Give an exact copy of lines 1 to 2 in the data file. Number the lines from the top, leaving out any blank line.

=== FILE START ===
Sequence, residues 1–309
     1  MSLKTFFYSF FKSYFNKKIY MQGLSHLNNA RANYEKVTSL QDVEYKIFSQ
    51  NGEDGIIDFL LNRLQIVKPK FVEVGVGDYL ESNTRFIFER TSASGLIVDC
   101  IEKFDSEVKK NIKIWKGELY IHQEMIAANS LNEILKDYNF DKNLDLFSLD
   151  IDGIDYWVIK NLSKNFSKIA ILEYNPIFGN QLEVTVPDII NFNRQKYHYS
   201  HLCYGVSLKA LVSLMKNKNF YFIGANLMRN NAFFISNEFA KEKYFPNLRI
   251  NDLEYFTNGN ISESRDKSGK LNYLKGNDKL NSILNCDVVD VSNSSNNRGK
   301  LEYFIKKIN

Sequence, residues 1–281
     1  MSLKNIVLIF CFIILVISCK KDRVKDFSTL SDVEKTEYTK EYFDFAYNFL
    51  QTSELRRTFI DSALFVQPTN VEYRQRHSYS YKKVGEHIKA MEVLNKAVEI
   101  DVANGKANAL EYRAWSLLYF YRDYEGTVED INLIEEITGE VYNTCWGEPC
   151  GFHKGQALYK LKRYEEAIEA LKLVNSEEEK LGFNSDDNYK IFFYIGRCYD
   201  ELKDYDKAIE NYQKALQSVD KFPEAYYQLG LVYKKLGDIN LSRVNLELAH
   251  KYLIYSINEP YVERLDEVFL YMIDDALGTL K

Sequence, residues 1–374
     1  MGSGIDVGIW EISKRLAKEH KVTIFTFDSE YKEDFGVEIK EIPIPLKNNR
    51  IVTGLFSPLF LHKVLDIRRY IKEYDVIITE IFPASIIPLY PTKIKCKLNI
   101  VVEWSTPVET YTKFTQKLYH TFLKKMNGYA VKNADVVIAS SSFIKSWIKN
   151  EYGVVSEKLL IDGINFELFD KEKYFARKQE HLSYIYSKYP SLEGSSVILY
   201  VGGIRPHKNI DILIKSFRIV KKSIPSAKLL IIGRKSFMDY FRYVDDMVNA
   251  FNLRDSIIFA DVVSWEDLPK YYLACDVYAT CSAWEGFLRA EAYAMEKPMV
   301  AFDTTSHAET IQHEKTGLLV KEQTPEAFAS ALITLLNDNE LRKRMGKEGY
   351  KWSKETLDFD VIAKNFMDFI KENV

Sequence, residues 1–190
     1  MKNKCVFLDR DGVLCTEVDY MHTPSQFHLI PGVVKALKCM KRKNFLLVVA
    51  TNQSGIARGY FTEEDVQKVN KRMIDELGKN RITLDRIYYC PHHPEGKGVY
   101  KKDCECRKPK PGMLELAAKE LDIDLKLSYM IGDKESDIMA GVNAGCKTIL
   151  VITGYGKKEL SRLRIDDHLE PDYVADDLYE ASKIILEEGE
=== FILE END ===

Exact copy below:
Sequence, residues 1–309
     1  MSLKTFFYSF FKSYFNKKIY MQGLSHLNNA RANYEKVTSL QDVEYKIFSQ